My drawings and paintings celebrate the visually absorbing shapes, colors, textures and eccentric details of the urban landscape. For me, buildings are the significant carriers of cultural memory. Surviving the builders and residents, they are reminders of remoter lives and times. Over the years, a city takes on an almost geological aspect, with successive generations leaving behind a layering of architectural styles. The enduring physical makeup of a city directly influences its culture as well as its ability to survive as a place people care about.
My landscapes are always without people. The buildings are the complete statement. Within their lines and the mood they evoke, the people who built them and lived in them are revealed more clearly than if they had posed for a portrait. Here lies the emotional resonance which inspires me to paint old houses. There is a hard, beautiful dignity in weathering all those years - pure to themselves and uncompromising. Many people have observed that the houses in my paintings seem strangely animated, as if they had personalities of their own. The windows, shutters and doors read almost like facial features, elements of individuality that make their presence felt.
Born in Schenectady, New York in 1961, I grew up in Manchester, Connecticut. My mother, Gail Hinchen, is a mixed-media collage artist who has always operated her own gallery. From an early age, art was an integral part of my earliest influences and memories as I was surrounded by a diverse group of artists for classes and art openings in our home. Starting to draw in earnest, I watched and learned techniques from artists Elden Rowland and Helen von Borstel (my grandmother) during summers in Truro, Cape Cod. Having studied with Robert Brackman, Jerry Farnsworth and Wallace Bassford, Rowland and von Borstel exhibited their work extensively in Albany's Capital Region, Cape Cod, Sarasota Fla. and the Art in Embassies Program throughout Europe and Asia. Early on, I was inspired by the lonely landscapes of Edward Hopper and brilliant color staging of Maxfield Parrish. Essentially a self-taught artist, my interests in aesthetics, urban design, architecture and history have always influenced my work. I received a B.A. in philosophy and political science from Drew University in Madison, New Jersey and an M.A. in political philosophy from Columbia University in New York City.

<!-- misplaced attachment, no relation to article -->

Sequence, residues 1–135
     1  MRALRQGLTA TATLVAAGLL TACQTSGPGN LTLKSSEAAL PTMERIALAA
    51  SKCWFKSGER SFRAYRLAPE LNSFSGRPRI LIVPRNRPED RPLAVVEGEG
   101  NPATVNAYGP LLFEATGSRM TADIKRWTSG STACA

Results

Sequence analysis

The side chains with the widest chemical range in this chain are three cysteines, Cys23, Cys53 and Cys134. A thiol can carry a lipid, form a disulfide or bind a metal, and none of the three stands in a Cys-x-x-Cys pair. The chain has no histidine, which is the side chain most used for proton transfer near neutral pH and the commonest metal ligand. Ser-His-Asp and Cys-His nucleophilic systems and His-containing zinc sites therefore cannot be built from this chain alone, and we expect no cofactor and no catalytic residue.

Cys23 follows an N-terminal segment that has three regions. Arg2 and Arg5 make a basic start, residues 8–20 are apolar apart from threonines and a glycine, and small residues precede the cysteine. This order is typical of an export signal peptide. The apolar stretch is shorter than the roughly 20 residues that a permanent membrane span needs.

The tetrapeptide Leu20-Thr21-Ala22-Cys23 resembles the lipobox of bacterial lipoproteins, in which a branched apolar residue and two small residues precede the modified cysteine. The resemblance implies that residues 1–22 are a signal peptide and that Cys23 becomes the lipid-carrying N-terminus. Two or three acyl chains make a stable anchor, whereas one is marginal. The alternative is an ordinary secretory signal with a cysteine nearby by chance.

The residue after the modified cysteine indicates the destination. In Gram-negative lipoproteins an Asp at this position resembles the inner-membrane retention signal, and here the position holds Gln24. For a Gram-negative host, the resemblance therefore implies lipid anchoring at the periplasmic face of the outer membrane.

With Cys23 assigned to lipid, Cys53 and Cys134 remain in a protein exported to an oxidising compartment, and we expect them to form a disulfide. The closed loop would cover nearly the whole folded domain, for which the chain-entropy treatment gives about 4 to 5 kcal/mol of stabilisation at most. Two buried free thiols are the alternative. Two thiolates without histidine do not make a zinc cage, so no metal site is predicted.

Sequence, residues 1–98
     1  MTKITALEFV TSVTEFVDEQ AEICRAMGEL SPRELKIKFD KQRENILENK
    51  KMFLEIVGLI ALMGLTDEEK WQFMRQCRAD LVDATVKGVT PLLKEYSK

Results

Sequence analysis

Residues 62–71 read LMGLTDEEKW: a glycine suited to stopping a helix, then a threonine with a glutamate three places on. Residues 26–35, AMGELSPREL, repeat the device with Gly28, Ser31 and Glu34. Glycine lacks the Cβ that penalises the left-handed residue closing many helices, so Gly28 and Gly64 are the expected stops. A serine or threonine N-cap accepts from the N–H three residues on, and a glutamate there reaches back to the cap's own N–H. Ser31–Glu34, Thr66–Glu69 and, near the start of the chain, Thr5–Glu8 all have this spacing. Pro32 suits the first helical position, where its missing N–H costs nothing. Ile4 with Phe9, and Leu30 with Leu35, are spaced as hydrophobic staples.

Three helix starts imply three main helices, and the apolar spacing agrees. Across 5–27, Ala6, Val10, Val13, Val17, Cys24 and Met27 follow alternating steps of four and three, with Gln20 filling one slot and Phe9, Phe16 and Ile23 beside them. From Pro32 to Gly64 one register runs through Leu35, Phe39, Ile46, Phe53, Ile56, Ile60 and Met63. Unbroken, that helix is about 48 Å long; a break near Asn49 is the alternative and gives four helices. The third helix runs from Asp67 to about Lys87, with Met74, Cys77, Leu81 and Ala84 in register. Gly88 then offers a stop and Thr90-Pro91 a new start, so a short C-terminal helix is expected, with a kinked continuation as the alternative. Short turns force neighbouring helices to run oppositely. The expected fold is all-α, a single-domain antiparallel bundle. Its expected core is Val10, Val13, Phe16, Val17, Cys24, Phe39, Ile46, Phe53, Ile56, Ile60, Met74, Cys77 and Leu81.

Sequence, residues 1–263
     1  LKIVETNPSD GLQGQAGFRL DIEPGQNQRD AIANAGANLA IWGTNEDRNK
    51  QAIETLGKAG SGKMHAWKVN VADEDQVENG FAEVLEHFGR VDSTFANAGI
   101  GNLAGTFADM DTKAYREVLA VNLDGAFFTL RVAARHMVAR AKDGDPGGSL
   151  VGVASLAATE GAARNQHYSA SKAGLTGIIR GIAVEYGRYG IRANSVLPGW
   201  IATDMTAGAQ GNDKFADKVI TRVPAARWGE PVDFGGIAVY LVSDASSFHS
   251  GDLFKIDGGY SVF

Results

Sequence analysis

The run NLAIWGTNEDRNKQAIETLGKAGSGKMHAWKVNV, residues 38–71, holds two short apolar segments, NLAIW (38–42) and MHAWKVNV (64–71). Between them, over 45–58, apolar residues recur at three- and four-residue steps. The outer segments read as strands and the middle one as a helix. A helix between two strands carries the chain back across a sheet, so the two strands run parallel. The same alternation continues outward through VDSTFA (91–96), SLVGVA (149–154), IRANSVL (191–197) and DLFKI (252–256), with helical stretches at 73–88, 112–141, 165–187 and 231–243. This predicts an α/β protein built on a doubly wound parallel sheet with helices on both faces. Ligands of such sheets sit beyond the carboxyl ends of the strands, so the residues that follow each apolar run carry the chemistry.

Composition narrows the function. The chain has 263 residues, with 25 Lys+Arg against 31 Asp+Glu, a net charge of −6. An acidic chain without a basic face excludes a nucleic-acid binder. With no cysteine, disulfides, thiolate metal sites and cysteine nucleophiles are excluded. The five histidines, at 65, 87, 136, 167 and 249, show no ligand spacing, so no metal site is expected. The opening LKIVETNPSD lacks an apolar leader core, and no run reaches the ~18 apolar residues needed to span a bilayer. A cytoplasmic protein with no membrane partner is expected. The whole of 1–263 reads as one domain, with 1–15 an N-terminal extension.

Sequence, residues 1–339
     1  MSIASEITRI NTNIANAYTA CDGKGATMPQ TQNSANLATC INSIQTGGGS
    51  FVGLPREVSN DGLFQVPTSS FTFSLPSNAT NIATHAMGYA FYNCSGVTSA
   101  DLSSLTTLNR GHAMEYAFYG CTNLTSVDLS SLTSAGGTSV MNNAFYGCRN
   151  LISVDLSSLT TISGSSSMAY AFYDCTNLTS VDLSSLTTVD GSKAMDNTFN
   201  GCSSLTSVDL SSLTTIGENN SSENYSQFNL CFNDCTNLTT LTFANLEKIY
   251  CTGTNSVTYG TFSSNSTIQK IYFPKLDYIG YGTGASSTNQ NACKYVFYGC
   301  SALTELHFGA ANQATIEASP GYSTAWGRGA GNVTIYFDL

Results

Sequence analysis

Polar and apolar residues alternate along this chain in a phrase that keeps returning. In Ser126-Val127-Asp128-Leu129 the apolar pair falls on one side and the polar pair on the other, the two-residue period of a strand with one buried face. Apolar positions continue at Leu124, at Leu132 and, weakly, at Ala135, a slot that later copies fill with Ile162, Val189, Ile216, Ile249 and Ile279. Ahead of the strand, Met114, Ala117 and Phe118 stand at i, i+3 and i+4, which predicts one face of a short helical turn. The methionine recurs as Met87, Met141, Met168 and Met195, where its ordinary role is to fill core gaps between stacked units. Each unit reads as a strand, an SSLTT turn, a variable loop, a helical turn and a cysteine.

For many years, I worked solely in pen and black ink. Slowly, I introduced color and have since developed a completely original technique which is characterized by precise ink images with acrylic tones painted over each other, resembling thin semi-opaque or transparent layers. When dry, it produces a smooth matte finish. Other artists and collectors have compared my medium to egg tempera which employs the application of numerous small brush strokes and produces a brilliant, luminous finish. Prominent egg tempera artists include nearly every painter of the Italian Renaissance and Twentieth-Century revival artists such as Thomas Hart Benton and Andrew Wyeth.
I'm a full-time artist who has completed over twenty years worth of commissions throughout the Northeast and beyond. The majority of my drawings and paintings are of historic homes and landmark buildings in metropolitan New York and Boston. Many are based on referrals from past clients. Always inspired by American architecture styles and urban neighborhoods, I've lived in a series of old houses in Newark, New Jersey, Salem, Massachusetts and Albany, New York. My work has been featured in regional exhibitions including: The Albany Institute of History and Art, The New York State Museum, The Provincetown Art Association, The Stockade Art Show in Schenectady, N.Y., The Gallery On The Green in Canton, Ct. and The Historic Albany Foundation's Vacancy and Built Shows 2000-2013 (Best in Show Award, 2010). I'm also represented in numerous corporate and private art collections. My home and studio (a 1901 Colonial Revival) is located in Albany, New York.